Book Review of Time, Space, and Material: The Mechanics of Layering in Architecture by Anne-Catrin Schultz
Dr. Christina Lanzl
In her new monograph, Time, Space, and Material: The Mechanics of Layering in Architecture (Edition Axel Menges, 2015) Anne-Catrin Schultz deepens her inquiry into spatial layering of the built environment. Schultz delved into the subject with the publication, Carlo Scarpa–Layers (Edition Axel Menges, 2007), an examination of the 20th century Italian architect, whose vocabulary and inventiveness is closely related to traditional craft and the knowledge of materiality. Scarpa’s design thoughtfully integrates historic structures with contemporary materials. Time, Space, and Material covers the concept of layering in architecture, its mechanics, a wide array of uses and narrative in architecture and urban design in an overview survey. The book offers an insightful, scholarly view of layering, an important topic because “cities and buildings are continuously exposed to additions and subtractions according to changes in social structures, use patters, technology, transportation, and economy (p. 7). “
• Temporal layering: sedimentation, additive or subtractive process over time;
• Spatial Layering: simultaneous perception of spaces; and
• Material Layering: additive configuration of planes.
More recently, Schultz has expanded her scientific scope to include cultural placemaking, thus adding the dynamics of the immaterial, i.e. human memory and narrative, which inform the meaning of place.
Laid out are layering processes in geology, archaeology, engineering, graphic design and the visual arts. The key to Schultz’s approach is an examination of sections beyond a structural or stylistic understanding, ultimately aimed at dissecting, analyzing, and folding a period, a city, or a structure into a system of data. In the literature the ‘monolith’ dominates up to the 18th century. A layered approach enters the conversation beginning in the 19th century.
A thoughtful connection is made to visual artists intense experimentation with layering starting with modernism. Prominent examples showcased are early 20th century Cubism, developed by George Braque (and Pablo Picasso, though not mentioned) with collages of single objects that are defined through simultaneous, coexisting planar layers. In the 1960s and 1970s, Robert Smithson’s minimalist geometric forms introduce repetitive layering and serialization in this minimalist vocabulary, further developed by Gordon Matta Clark in his ‘building cuts’. The link to contemporary art is established by the large-scale installations of Japanese artist Nabuko Nakanishi, comprised of hundreds of successive images in his Layer Drawings. Also mentioned might be the infinite mirrored assemblages of Josiah McElheny.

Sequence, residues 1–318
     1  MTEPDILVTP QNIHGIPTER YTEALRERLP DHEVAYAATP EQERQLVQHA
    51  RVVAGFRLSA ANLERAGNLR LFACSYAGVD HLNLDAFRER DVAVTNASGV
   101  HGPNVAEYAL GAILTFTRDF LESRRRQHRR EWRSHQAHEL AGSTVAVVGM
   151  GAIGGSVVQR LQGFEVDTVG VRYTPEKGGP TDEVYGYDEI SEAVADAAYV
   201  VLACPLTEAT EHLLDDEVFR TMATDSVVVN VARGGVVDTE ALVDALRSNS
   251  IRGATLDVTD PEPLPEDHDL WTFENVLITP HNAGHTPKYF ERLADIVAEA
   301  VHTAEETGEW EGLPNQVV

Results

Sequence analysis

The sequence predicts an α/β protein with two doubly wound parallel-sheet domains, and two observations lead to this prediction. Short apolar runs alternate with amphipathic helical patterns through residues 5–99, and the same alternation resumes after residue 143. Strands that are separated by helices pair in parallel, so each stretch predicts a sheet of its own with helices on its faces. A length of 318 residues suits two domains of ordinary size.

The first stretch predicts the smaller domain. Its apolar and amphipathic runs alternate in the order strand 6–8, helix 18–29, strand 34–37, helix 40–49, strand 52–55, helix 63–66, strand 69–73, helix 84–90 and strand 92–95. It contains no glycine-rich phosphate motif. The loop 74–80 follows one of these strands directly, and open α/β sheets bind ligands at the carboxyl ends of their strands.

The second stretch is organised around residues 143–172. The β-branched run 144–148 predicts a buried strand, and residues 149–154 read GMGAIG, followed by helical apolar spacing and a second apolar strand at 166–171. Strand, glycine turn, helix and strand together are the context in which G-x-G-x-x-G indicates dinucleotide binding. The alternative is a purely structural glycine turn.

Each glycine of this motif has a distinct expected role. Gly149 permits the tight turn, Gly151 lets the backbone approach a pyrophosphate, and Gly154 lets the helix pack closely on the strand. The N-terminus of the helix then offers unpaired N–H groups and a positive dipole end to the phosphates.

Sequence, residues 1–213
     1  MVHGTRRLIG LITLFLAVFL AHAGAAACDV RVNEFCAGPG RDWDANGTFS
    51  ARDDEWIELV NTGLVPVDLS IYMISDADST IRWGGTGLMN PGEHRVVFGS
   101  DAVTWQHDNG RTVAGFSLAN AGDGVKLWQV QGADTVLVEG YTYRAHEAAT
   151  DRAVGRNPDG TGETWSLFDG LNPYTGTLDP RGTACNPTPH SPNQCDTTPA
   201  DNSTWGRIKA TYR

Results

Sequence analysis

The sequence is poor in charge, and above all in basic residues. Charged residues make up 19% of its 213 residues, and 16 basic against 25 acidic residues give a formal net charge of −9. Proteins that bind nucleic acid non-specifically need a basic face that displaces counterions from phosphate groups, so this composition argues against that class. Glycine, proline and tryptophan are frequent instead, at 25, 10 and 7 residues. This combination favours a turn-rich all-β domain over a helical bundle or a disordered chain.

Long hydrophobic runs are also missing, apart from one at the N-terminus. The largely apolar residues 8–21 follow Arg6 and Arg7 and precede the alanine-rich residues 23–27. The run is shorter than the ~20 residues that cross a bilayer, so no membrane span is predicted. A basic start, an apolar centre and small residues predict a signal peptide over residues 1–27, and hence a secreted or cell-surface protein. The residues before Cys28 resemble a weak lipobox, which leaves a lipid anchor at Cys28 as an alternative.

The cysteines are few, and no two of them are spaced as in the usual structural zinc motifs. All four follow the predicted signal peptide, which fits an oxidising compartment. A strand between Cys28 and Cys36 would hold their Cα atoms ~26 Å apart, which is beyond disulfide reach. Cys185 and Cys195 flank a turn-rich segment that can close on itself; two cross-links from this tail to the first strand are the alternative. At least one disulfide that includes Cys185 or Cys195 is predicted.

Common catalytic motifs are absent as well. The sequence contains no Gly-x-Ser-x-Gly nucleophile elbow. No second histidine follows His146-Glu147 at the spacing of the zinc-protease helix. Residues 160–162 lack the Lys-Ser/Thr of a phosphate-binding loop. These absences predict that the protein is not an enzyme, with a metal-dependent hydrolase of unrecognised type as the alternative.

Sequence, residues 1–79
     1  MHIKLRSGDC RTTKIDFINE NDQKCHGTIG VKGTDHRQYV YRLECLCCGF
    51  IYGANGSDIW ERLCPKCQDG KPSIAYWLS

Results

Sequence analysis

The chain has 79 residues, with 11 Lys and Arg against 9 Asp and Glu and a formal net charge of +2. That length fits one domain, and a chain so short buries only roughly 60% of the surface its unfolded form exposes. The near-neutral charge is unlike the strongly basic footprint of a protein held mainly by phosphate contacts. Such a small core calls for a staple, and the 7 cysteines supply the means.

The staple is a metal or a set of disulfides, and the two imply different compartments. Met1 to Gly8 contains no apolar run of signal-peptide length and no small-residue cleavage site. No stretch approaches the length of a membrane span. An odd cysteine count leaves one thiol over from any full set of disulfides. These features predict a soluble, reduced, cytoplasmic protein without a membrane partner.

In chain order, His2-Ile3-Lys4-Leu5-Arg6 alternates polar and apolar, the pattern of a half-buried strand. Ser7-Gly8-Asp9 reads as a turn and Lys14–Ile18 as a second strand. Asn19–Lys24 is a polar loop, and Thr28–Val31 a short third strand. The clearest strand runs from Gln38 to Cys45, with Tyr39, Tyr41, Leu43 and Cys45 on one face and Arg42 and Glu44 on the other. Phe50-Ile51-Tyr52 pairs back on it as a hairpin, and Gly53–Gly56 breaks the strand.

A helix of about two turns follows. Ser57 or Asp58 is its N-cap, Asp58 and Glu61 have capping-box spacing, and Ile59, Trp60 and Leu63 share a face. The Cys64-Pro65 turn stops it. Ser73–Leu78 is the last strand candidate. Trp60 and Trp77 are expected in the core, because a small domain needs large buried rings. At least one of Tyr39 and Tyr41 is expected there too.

The phenomenon of layering in architecture is painted in broad strokes beginning with a review of Vitruvius, followed by insights on the temporal layering of important historic buildings through the centuries with their evolving architectural styles. A subchapter is dedicated to the important discovery of polychromy and its connection to textile design in Greek temples beginning around 1800.
Outstanding recent, featured examples of layering include the Santa Catarina Market in Barcelona and the transformation of this former convent to a covered market by architects Enric Miralles and Benedetta Tagliabue who collaborated with artist Toni Comella on a dramatic colorful roof mosaic.
A comparison of fifteen case studies in contemporary architecture that measure both the effective depth and the chronology of layering in building envelopes reveals surprising insights. The exteriors of notable designs by Foster + Partners, Morphosis, Sauerbruch Hutton and Peter Zumthor range in depth from over four up to eight feet. Others, such as Duiker, SANAA and SOM, designed walls of less than one foot in depth. Interestingly, it is revealed, intense layering clearly is a preferred architectural practice rather than an evolving trend.